For lunch that afternoon, we were fed a delicious, typical southern-Indian Thali meal on banana leaves. The servers came by with buckets, serving us one by one in order to eventually plate a 10 course meal in the matter of a minute or two. It was extremely efficient, as was the clean up that just involved them rolling the paper laid under the banana leaves into a small pile of organic waste.

the procession of servers and their food buckets

For dinner, the buffet included a selection of Northern and Southern Indian cuisine, a fruit stand, a snack stand, and an icecream booth. It was extremely crowded, everyone standing, eating and chatting. By this point I had to master eating only with my right hand since the left is considered unclean, so standing and eating became a bit easier since I had to use my left hand to hold the plate of food.

Yeti being covered in tumeric

The actual wedding ceremony was a quieter event, with only close family and friends attending. This time, they were covered in coconut milk, rice grains covered in turmeric, and again in tumerc, a LOT of turmeric. All the members of the family are somehow involved, partaking in different parts of the ceremony. There was a lot of stuff going on, all ‘in-the-know’ by the Indian family, but I couldn’t really figure out the meanings or importance of one practice from the next. When I asked questions about their Indian wedding traditions, they groom said they’ve gone on for so long that the significance of certain ceremonial procedures has become completely unexplicable, one just knows you have to do it. One thing he did explain was the strange wedding gift of a coconut, 2 green leaves and crushed beetle nuts – the coconut represents God (which one, I don’t know), and the leaves and nuts are some sort of offering of respect to him. Every guest from the reception and the wedding got one, so some 1200-1500 coconut gift bags were prepared.

the bride and groom during their wedding ceremony

While a clout of confusion covered my experience, it was all very charming, and watching the bride take it all in stride even though she probably also had no idea what was going on half the time was perhaps the most entertaining. After being covered in turmeric and hennah, jewels and jewelry, she actually started to fit in just fine, and becamse the mediator between her now Indian family and our oblivious western ignorance.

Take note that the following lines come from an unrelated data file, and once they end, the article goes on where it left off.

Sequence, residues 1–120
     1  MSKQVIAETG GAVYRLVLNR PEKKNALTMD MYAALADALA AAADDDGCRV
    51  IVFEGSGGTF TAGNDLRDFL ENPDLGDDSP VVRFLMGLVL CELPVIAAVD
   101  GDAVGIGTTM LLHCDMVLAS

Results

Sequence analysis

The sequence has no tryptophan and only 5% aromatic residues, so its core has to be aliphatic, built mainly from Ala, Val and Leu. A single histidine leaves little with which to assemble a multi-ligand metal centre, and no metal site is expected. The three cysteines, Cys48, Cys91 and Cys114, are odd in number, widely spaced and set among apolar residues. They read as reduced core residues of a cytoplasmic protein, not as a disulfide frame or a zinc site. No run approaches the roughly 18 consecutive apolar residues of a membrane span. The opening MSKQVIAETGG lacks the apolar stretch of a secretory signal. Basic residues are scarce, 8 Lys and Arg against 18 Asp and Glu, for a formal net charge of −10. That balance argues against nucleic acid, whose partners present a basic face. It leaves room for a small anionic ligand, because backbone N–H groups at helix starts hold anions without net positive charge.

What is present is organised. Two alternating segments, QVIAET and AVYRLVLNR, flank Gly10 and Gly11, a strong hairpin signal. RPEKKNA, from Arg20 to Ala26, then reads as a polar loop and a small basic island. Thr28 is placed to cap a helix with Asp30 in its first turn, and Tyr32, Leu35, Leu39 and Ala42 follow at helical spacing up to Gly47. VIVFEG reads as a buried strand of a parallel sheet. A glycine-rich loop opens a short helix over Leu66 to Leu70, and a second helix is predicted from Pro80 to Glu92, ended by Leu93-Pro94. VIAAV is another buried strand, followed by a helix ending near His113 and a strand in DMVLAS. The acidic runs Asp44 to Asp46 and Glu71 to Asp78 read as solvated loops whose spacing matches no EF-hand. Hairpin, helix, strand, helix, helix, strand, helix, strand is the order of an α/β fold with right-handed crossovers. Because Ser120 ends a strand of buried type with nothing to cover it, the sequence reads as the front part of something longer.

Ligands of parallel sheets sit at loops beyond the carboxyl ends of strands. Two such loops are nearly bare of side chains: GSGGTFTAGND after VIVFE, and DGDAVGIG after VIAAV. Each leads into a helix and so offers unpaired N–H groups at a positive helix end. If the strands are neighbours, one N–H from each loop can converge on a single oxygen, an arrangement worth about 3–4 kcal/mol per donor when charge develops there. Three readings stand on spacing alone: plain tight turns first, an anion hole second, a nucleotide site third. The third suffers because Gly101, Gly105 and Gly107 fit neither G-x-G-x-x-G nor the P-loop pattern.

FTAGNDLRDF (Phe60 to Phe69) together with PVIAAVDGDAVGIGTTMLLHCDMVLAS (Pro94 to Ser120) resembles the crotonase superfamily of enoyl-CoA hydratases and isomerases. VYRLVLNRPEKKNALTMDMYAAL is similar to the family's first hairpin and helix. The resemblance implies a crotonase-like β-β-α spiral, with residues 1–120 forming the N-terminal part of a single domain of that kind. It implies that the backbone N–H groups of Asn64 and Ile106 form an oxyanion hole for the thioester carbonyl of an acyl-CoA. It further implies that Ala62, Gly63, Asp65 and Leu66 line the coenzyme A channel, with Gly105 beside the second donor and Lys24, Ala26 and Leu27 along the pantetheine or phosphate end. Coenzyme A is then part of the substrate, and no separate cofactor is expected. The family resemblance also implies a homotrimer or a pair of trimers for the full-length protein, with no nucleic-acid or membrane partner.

India; Take 2

India is one of those places that should be categorised as “magical.” I believe Iceland’s also one of those magical lands, but for totally different reasons. India has this complex, seductive appeal that not even a lifetime is enough to fully explore or truly understand this huge sub-continent and all its belongings. You could spend a whole life traveling here and never see the same person twice, much less, each person once. It feels like a country one can never tick off their ‘to-do’ list, since every visit to India will bring a bombardment of new experiences and information. This second trip to India was, for me, totally different than the first. It was just as chaotic, and I got sick again, but having twice as much time here allowed me to settle in a little more, better prepared for the culture shock of arriving here from Iceland, France and Germany – literally worlds away.

(India’s magic inspires me to write, so I apologise for this lengthy post, but there’s just not much one can edit out when trying to describe their time in India.)

I wasn’t nearly as sick as I was last time in India, but was totally paralysed one morning from a stiff upper back resulting after a 10 hr overnight train journey in regular class – not the comfiest beds. Then I got a head cold, with a stuffy nose congested enough to completely debilitate my sense of smell and taste. That’s probably the biggest curse that could have ever befallen me, since I was most excited about being in India to gorge in the abundant flavours and spicy cuisine. Not even the hottest chutney’s or pickled achaar could relieve my sinuses, so I settled for going on texture alone, and I could definitely still feel the spices burning my tongue, the tickle of sugar from the masala chai, and the bitter bite of dal. Losing my sense of smell, however, was probably a blessing in disguise, since I can barely recollect the choking smell of exhaust and piss so often dictating the aroma of Indian cities.